Updated on 12 November 2012
Hope for cancer patients - Bacterial protein arsenate reductase or azurin has anti-cancer potential
New Delhi: A relatively new potential anti-cancer agent in form of azurin, a bacterial protein called arsenate reductase, has shown remarkable progress. This came to fore when Dr Ananda Mohan Chakrabarty, distinguished professor, University of Illinois, Chicago, revealed few key facts about his project where the series of studies have shown that a soil bacterium produces a protein, azurin, which it uses as a weapon, possibly to defend itself against cancer cells that might end up harming the microbe.
Speaking on the sidelines of the International Bioenergy Summit 2012,held at New Delhi from, Dr Chakrabarty elaborated, "The azurin is a protein with multiple domains and working differently from the other dry compounds. It has a unique property that it enters only cancer cells and does not affect the normal cells. It will also make the tumor repressive."
Dr Chakrabarty who is most notable for his role in developing a genetically engineered organism using plasmid transfer while working at GE, called for the out of box thinking. He said, "The cure might not just come from those who are working in the area. It might come from unexpected quarters too.
We found that an opportunistic bacterium, Pseudomonas aeruginosa, that grows in the soil and marshes but is often found in the lungs of cystic fibrosis patients, may offer a new route to cancer therapy.
As of now the molecule has been tested in the mice model successfully and the results from the trials have been very promising. Azurin sets off this death sequence by forming a complex with the well-known tumor suppressor protein p53, stabilizing it, and activating caspases that induces apoptosis in cancer cells. P53 normally stops cells that are damaged from reproducing and encourages them to commit apoptosis, but a majority of cancer cells have damaged or missing p53. As per Dr Chakraborty, the Phase I trials in stage IV (terminally ill) cancer patients have shown great results. "About 15 patients of age group 50-80 years who were put through trials showed that two patients recovered partially and two showed the complete disappearance of tumor. I think it is remarkable and demands our more attention."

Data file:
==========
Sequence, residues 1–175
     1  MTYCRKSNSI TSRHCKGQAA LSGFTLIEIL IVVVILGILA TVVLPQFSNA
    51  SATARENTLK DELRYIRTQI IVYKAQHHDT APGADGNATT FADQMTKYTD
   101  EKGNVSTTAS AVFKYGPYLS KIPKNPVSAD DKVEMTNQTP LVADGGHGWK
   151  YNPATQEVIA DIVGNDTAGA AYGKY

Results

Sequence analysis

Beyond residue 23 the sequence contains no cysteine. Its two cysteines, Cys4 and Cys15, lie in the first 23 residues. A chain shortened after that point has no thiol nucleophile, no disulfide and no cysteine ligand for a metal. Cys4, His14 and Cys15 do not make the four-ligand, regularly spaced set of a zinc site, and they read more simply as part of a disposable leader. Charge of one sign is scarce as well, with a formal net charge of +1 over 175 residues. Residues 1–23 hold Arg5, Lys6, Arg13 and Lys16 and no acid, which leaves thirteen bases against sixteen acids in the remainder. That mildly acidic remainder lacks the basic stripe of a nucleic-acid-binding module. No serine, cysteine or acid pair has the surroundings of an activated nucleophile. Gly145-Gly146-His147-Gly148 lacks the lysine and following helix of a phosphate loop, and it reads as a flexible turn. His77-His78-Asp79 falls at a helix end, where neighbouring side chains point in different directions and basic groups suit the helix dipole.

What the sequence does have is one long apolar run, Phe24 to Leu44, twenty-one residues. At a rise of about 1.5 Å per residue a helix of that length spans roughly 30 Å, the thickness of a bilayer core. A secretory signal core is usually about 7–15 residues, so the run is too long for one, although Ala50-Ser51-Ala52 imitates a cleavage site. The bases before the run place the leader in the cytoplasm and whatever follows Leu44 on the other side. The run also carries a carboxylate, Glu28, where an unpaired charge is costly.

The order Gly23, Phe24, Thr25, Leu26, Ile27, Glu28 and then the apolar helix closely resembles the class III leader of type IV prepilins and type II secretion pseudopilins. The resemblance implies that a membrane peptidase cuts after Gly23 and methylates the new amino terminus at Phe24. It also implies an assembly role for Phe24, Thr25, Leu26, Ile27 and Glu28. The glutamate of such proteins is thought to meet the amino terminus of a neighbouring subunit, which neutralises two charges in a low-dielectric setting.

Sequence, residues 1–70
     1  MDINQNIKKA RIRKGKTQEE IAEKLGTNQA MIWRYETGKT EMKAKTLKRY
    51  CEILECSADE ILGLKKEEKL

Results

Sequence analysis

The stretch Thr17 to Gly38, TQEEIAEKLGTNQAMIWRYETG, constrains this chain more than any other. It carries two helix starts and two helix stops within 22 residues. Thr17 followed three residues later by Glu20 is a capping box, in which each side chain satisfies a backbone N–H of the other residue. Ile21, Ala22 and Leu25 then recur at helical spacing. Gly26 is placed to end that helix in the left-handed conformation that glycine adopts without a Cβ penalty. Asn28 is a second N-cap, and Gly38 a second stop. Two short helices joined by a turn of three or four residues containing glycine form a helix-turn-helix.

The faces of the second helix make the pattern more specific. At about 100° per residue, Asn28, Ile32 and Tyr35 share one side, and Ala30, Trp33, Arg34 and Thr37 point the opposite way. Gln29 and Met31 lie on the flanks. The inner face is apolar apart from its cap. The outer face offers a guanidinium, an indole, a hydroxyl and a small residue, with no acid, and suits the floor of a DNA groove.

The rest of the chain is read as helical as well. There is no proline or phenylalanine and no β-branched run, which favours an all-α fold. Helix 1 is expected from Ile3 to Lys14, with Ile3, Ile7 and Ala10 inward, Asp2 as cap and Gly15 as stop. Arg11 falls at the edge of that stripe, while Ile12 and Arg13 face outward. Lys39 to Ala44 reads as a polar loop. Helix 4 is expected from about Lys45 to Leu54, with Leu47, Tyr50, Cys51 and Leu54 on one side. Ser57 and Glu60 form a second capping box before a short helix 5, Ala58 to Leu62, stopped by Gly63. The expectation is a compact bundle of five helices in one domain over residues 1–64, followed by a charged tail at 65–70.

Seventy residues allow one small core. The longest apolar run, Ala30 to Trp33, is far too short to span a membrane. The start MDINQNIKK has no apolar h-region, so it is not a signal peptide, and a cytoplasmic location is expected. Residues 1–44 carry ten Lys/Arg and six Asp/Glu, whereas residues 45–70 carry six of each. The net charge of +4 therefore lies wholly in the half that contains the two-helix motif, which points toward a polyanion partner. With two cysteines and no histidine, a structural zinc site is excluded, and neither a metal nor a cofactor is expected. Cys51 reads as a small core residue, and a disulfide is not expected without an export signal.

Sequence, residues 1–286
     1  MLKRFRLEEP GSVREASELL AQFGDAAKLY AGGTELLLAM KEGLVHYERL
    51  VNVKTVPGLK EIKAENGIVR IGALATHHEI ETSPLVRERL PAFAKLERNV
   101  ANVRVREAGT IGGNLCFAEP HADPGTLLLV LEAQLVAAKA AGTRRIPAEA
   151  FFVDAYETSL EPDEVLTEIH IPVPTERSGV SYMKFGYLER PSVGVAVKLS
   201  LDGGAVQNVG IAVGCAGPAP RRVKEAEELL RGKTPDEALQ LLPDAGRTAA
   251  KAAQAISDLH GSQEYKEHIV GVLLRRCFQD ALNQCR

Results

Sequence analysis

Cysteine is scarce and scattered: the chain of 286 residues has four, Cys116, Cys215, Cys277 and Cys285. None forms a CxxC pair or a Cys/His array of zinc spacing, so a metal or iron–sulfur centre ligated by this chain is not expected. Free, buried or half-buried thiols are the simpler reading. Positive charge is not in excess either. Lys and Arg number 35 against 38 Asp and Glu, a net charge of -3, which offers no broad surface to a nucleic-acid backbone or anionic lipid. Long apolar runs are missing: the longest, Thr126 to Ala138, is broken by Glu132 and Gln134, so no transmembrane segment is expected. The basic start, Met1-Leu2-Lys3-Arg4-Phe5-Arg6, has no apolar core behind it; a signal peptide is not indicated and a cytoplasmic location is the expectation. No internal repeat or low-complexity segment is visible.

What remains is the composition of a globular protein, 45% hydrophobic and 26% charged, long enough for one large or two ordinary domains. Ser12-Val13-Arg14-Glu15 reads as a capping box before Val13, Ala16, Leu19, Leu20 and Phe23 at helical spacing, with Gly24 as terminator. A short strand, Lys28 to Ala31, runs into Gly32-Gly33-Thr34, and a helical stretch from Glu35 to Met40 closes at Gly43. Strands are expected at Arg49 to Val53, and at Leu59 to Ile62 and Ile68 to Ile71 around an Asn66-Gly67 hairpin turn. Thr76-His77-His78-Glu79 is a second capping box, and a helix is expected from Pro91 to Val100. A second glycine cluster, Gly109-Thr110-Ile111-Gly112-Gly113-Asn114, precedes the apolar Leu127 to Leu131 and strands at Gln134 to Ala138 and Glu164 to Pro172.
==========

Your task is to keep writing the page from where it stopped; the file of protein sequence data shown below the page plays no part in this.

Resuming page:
Apart from having promising anti-cancer properties, azurin has shown considerable anti-malarial and ant-HIV properties too. At present the focus of Dr Chakrabarty's group is mainly on testing azurin's properties against cancerous cells. However, the group is also looking at other properties that will be given due consideration soon in the future. "Generally the approach has been one drug for one target whereas our approach has been one drug for multiple targets and diseases,"concludes Dr Chakraborty.